Water well treatment question

We just moved into a home in the country that has a water well. The water has enough sulphur in it to be offensive. The well man installed a chlorination system that eliminates most(but not all of the smell). I have heard that aeriation is the best method of eliminating the smell. It is much more costly($1000+ because it requires the installation of a separate tank).
I am wondering if it is possible to simply use the well as the aeriation tank and install an air pump that will discharge air close to the bottom of the well(but above the water pump). Wouldn't the air bubble to the top of the water column(in my case about 400 ft.) and remove most of the smell?
Any help will be appreciated. Thanks.
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In a previous post snipped-for-privacy@NOSPAMjuno.com wrote...

The sulphur smell is caused by iron eating bacteria in the water. Try dropping a cup of bleach into the well. You may need to repeat this every so often. It is best to do this when you plan to use a lot of water for something other than drinking -- like laundry or watering the flower garden.
--
Bob Morrison, PE, SE
R L Morrison Engineering Co
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wrote...

I haven't heard this reason for a sulfur odor. Where do the bacteria get the sulfur?
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On 12-Jul-2006, snipped-for-privacy@NOSPAMjuno.com wrote:

It's pretty common where I live to have hydrogen sulfide (which is a gas) dissolved in your well water. When you relieve the pressure, the gas bubbles out (like C02 in a bottle of pop). My previous house had a well that was especially bad.
About the only thing you can do is to release the water into a tank, which allows the gas to escape, then presurize it again with another pump for service to your house.
-Hershel
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Thanks, what about the idea of injecting air in the well just above the water pump.?Wouldn't the bubbling effect of the air pick up and take the sulphur out of the water? This way you do not have to have a separate tank. My well holds a 400ft. column of water.
On Wed, 12 Jul 2006 17:07:41 GMT, "Hershel Roberson"

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Chlorination does nothing for solid sulfates and/or hydrogen sulfide gas presence. Just masks the smell. Does not remove the source.
Forced aeration does help eliminate the hydrogen sulfide gas. But, creates sulphuric acid in the process. There must also exist an air pocket for the hydrogen sulfide gas to separate from the water where all the water is forced through this air pocket. This is impossible in a strictly upward motion of the water.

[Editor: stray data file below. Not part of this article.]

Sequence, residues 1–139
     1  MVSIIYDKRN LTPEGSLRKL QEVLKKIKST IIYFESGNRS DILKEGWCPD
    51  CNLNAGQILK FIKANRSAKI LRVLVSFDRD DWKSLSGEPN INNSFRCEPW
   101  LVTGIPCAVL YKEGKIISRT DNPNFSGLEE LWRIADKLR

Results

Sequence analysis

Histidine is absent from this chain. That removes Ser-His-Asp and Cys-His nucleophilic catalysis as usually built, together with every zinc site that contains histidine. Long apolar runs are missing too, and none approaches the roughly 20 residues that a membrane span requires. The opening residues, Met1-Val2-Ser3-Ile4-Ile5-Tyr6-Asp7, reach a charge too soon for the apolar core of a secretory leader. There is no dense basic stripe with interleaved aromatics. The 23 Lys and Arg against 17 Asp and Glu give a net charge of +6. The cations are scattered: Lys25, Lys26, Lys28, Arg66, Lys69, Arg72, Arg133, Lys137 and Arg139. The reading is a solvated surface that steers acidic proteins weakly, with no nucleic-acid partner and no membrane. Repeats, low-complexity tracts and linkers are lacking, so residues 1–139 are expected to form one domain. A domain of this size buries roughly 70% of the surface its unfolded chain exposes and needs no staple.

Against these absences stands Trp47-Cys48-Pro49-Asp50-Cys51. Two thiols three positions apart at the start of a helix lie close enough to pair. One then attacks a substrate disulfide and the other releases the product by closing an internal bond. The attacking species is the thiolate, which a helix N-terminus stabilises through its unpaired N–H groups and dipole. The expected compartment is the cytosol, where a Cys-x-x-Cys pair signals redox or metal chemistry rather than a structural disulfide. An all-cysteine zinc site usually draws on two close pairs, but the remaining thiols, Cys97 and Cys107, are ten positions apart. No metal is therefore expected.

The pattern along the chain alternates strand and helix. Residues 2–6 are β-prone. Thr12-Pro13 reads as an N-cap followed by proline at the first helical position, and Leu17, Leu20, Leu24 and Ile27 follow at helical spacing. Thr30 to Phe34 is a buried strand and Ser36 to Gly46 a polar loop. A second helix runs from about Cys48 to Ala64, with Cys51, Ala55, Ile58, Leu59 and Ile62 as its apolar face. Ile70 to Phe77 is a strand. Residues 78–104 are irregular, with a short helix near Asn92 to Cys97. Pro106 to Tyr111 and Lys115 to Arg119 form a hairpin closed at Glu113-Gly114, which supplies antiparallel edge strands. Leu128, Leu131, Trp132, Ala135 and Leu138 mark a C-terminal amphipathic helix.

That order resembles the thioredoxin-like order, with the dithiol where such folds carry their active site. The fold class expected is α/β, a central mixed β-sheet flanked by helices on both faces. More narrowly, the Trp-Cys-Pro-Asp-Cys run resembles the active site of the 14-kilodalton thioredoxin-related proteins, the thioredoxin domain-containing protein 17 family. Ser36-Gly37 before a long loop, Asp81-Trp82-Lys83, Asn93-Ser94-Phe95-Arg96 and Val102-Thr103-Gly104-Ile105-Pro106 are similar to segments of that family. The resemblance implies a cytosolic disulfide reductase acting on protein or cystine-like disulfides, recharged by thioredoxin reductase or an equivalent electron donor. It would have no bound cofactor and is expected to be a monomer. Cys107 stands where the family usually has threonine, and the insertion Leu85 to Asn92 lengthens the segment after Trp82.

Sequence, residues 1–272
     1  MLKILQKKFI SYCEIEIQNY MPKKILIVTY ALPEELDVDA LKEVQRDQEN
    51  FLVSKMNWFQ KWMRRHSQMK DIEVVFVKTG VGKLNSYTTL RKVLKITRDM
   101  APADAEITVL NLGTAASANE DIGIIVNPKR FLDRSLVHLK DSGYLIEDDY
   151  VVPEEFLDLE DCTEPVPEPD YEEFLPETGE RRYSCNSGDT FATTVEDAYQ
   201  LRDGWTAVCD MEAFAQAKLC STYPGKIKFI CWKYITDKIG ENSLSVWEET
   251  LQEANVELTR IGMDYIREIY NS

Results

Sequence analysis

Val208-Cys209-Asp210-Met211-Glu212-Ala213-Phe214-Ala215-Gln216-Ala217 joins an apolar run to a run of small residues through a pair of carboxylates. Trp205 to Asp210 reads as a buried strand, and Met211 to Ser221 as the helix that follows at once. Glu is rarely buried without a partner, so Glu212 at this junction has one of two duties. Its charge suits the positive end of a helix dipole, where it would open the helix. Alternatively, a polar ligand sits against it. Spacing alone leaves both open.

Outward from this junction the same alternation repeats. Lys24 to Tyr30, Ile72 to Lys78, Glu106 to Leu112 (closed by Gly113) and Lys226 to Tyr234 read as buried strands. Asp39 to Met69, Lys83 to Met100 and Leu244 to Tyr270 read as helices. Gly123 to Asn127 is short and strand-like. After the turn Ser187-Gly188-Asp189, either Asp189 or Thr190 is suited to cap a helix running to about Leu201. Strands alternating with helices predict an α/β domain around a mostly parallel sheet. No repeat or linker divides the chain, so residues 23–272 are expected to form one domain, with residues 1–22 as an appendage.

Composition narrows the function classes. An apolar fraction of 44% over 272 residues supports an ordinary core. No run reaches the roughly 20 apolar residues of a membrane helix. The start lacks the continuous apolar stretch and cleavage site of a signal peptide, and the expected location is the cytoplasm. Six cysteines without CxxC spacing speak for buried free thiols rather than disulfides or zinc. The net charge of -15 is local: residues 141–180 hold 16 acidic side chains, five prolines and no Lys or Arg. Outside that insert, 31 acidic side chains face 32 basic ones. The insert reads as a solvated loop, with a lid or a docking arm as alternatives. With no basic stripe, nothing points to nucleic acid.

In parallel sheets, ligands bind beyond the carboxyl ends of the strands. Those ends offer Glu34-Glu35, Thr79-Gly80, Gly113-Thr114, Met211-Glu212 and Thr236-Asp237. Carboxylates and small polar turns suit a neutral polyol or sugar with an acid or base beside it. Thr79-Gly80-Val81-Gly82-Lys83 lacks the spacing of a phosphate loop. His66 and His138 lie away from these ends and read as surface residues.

Air injection just after the wellhead pump is going to force air in a vertical shaft that may accumulate. Will reduce realized actual water flow as the reservoir tank will be full of air after using the air injector for awhile. There is also a problem of metering the air in tandem with water flow, and how much air as well at the air injection point.
The two standard methods for removal of hydrogen sulfide gas are a holding tank with subsequent pump, and an air injection tank with intermittent flush system. The former is much more expensive. 1000 bucks is cheap regarding that method. The latter method is much cheaper, requires a french drain for the sulphuric acid/water flush, reduces the water flow somewhat. Either method located after the wellhouse's reservoir tank.
--
Jonny



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I had the same problem with my well over a year ago. I tried the bleach/shocking method and poor results were what I got. I did some research and found that an effective solution (and maint. free) is to install a backflushing pyrolox filter.
Basically it is a cylinder that you put on after your well pressure tank and all your water flows through it. It contains marble and pyrolox. It automatically backflushes (timer) every few nights and is supposed to last 20+ years before needed additional pyrolox.
There are several brands, i got mine from www.budgetwater.com and they call it terminox. They were very helpful and I have great water now.
Jonny wrote:

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http://www.budgetwater.com/Sulfur_Filters.htm Kinda scary to me. They don't address sulfates (solids) or hydrogen sulfide gas. 2 different animals. They lump it together as a smell. Chlorine injection noted in the first filter noted is, in my opinion, totally ignorant. Particularly regarding preventing damage to copper pipe and electric water heater anodes isn't addressed.
--
Jonny
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Actually they do if you scroll down a bit...and look at the terminox filter.
"Removes iron, sulfur, manganese, dirt, turbidity, taste, odors, and even stronger chemicals like chlorine and chloramines."
My suggestion is call their 800 number for info if nothing else....they were very helpful and I learned quite a bit.
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My point being is if their chlorine injection system is used, and obviously not smart for the purpose they stated, it leads me to question any other of their products.
--
Jonny
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I get your point, but I think they are giving you an inexpensive option which will most likely clear up the smell issue. I agree that it isn't optimal, but it is an option for people who don't/can't spend the money.
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